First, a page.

Fat, Sick and Nearly Dead – 2010 – Documentary – 1h 37m
100 pounds overweight, loaded up on steroids and suffering from a debilitating autoimmune disease, Joe Cross is at the end of his rope and the end of his hope. In the mirror he saw a 310lb man whose gut was bigger than a beach ball and a path laid out before him that wouldn’t end well- with one foot already in the grave, the other wasn’t far behind. FAT, SICK & NEARLY DEAD is an inspiring film that chronicles Joe’s personal mission to regain his health. With doctors and conventional medicines unable to help long-term, Joe turns to the only option left, the body’s ability to heal itself. He trades in the junk food and hits the road with juicer and generator in tow, vowing only to drink fresh fruit and vegetable juice for the next 60 days. Across 3,000 miles Joe has one goal in mind: To get off his pills and achieve a balanced lifestyle.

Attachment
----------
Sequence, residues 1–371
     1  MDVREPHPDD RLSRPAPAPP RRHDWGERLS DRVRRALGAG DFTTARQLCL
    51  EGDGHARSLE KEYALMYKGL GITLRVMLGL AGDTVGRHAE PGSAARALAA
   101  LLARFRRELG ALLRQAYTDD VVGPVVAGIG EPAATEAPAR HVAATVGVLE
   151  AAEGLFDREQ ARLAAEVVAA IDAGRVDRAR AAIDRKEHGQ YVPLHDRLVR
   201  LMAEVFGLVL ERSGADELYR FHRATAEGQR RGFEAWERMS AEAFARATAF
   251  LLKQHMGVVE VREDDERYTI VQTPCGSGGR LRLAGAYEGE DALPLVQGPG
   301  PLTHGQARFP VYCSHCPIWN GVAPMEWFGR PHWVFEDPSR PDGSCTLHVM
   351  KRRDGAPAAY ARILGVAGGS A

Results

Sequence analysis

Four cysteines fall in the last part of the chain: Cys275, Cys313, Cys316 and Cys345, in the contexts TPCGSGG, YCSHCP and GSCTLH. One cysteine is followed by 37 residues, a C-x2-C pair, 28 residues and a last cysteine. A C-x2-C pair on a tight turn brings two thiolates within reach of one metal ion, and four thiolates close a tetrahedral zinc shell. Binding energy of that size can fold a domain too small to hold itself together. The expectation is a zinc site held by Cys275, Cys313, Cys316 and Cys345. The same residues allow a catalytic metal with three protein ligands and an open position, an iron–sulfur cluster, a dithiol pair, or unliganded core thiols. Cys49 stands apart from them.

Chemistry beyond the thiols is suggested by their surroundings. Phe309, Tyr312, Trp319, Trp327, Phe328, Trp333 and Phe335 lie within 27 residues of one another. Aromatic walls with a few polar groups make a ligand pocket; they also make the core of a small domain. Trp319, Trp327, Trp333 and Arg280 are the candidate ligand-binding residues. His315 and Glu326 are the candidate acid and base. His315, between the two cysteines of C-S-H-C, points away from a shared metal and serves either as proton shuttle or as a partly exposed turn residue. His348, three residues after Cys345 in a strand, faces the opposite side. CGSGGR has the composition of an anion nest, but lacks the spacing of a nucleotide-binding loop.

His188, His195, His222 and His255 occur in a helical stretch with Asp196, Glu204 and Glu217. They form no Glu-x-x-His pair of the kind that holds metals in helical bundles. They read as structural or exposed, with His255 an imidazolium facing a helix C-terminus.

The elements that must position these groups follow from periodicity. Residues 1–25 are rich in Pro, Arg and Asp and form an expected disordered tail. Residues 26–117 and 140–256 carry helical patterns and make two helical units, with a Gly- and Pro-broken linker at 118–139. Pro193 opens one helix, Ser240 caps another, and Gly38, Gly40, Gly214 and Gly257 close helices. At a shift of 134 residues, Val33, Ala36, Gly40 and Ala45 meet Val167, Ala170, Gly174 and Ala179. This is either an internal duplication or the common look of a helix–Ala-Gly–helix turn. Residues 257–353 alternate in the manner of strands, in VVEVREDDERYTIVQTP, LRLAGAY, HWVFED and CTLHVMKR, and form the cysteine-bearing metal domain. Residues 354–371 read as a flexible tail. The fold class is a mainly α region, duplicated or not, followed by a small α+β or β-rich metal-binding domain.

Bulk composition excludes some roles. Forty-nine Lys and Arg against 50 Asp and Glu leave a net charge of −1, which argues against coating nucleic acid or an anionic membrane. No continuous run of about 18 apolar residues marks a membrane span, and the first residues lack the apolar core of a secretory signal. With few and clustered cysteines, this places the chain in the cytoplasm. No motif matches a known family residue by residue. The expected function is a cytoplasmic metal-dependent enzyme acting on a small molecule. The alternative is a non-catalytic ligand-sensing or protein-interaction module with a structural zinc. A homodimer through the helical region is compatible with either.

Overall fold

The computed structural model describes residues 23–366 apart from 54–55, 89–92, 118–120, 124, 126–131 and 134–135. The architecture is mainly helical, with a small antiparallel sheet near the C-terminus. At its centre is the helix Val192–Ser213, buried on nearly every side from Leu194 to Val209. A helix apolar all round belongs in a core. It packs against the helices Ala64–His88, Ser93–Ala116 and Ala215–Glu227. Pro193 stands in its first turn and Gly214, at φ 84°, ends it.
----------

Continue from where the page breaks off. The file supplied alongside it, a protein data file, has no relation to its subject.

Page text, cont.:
While talking to more than 500 Americans about food, health and longevity, it’s at a truck stop in Arizona where Joe meets a truck driver who suffers from the same rare condition. Phil Staples is morbidly obese weighing in at 429 lbs; a cheeseburger away from a heart-attack. As Joe is recovering his health, Phil begins his own epic journey to get well. What emerges is nothing short of amazing – an inspiring tale of healing and human connection. Part road trip, part self-help manifesto, FAT, SICK & NEARLY DEAD defies the traditional documentary format to present an unconventional and uplifting story of two men from different worlds who each realize that the only person who can save them is themselves.– Written by Jamin Mendelsohn, (IMDb)
What’s On Your Plate? -2009 – Documentary – 1h 16m